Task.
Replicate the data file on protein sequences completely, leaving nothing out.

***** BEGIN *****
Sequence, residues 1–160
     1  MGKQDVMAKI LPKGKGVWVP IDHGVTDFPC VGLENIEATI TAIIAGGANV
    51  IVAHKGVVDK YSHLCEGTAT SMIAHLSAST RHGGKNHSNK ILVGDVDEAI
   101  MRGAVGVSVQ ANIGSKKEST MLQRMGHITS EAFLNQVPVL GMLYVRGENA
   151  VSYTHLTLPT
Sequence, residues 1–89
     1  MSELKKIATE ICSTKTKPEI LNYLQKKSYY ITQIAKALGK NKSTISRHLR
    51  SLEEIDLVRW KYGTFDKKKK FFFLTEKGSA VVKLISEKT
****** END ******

Sequence, residues 1–160
     1  MGKQDVMAKI LPKGKGVWVP IDHGVTDFPC VGLENIEATI TAIIAGGANV
    51  IVAHKGVVDK YSHLCEGTAT SMIAHLSAST RHGGKNHSNK ILVGDVDEAI
   101  MRGAVGVSVQ ANIGSKKEST MLQRMGHITS EAFLNQVPVL GMLYVRGENA
   151  VSYTHLTLPT
Sequence, residues 1–89
     1  MSELKKIATE ICSTKTKPEI LNYLQKKSYY ITQIAKALGK NKSTISRHLR
    51  SLEEIDLVRW KYGTFDKKKK FFFLTEKGSA VVKLISEKT